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Repairing Minox EC – switch pressure plate

29th January 2014

Repairing Minox EC – switch pressure plate

29th January 2014
minoxit archived article

This is an unofficial mini “How-To” guide to repairing the combined switch/pressure plate in your Minox EC. I do not remember where this article was picked from, so do not assume it is mine. Anyways, the repair it’s not difficult to do, you just need a set of small jeweller screwdrivers and a small soldering iron.

Having said that, I do not, repeat, I do not encourage anyone to open a Minox camera in order to repair or in any way, shape or manner tamper with its innards. This may and shall more than probable render your camera useless, and even a dedicated repair shop will restore it, it would charge an insane amount, so that you’ll be sorry you’ve not sent it to that repair shop straight away.

How do I know it’s broken?

You’ll know it’s broken because the batteries keep going flat.  You can test this in two ways before you take the camera apart:

  • When you open the camera to put in a film, the pressure plate looks uneven;
  • The little red LED in the viewfinder stays on, even when you close the camera;

You can see this by slowly closing the camera – if it is broken, the LED will stay on even when the camera is almost shut, whereas if it’s OK you’ll see the LED turn off.

What do I do to fix it?

You’ll most likely need to order a new part.  I got mine from DAG Cameras in 2004, and it cost US$15.00.  You can try to glue it, it may work, but I tried twice with mine, and twice it broke. Maybe with the right type of glue you can do it, or by plastic welding it.  But for the price, a new one probably works out much cheaper!

How do I fix it?

Take the outer cover off, just as you would to change the film.  Remove the batteries.


In the following picture, you can see that the pressure plate is not straight:


There are only two cross-head screws to undo.  Undo these carefully, and put in a safe place.


NOTE:  You do NOT need to lift this plate up any more than shown in the above picture. If you do, you risk having the detent making a bid for freedom, and it makes it more difficult to put back this rear plate.  If you do take it off completely, do it slowly, and slide the plate to the right (as per the photo) to get it past the plastic lug on the end.  Keep the detent pin and spring in a safe place.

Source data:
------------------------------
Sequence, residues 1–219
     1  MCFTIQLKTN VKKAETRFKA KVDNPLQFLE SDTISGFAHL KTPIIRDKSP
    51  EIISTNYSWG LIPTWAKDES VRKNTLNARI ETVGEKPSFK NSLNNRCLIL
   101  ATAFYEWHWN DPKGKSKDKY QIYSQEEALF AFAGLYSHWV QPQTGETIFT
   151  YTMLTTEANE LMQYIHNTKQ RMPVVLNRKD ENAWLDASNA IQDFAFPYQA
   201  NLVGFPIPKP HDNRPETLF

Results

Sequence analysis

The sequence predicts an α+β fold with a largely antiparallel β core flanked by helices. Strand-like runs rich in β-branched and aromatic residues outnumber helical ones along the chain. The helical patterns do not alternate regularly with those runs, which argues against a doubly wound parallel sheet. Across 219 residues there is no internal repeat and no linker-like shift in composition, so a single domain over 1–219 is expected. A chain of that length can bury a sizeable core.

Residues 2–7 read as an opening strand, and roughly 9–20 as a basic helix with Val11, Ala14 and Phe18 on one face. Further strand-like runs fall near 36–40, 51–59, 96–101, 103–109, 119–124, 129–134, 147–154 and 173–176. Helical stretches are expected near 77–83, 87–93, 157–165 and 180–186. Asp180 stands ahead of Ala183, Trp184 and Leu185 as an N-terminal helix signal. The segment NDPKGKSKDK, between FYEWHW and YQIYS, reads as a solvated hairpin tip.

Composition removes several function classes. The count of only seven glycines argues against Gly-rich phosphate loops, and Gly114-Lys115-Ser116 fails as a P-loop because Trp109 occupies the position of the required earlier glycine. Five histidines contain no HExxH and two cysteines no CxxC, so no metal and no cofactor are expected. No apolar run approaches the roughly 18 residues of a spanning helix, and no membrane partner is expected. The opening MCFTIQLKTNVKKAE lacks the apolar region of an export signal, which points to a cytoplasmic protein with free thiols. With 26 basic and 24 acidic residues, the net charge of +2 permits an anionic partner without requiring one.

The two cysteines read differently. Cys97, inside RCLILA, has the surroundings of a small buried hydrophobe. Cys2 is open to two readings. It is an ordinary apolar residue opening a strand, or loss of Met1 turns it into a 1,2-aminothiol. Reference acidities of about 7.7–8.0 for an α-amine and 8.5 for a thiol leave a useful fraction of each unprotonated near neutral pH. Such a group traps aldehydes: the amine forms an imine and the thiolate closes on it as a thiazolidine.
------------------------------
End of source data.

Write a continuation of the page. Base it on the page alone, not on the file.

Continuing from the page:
Gently slide out the pressure plate / switch and note its orientation.  Take a photo with a digital camera if necessary to help you get it back on the right way!


Carefully unsolder the two wires, being careful to use the minimum of heat necessary.  Now prepare the new switch, and “tin” the two ends (i.e. put a small amount of solder on each end of the switch – this makes it easier to solder the thin wires) and the two wires.  Re-attach the wires, and then carefully push the pressure plate back into place.

With the pressure plate in place, gently push down the back cover.  It should fit properly without any force, and sort of “pop” into position.  Replace the two screws, taking care not to over tighten.

Replace the batteries, and put the cover back on.  Test that with the camera open, the red LED comes on in a low light environment.  Slowly close the camera, checking that the LED goes off before the camera is fully closed.

Finally, check you have no extra bits left over!  Then load a film, and start using your Minox EC.

I hope this has been useful.  I am not a professional repair person, but am reasonably competent with a soldering iron.  Anyone not too “technically challenged”, who takes their time should be able to complete this repair.

Good luck!

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1 Comment

  • feefyefoefilm 29th April 2015 at 4:53 am

    So helpful, thanks Julian. I just wanted to add another possible option that I tried, which is to try and get rid of the little plastic pins altogether. Once I found small enough miniature nails, the fix seemed to work. I’ve tried it on two different cameras; one is back to normal and the other seems to have a different issue on top of that because it solved the LED but the shutter is now intermittent. Anyway, the key was dollhouse furniture tacks…I tried some model railroad spikes but too long. I still had to snip the 4mm tacks down to 2 as well as drill out pilot holes for each of the four pins. But all in all, if you just don’t trust the plastic, it worked. And looks kinda cool before you close it up. Thanks again tho!

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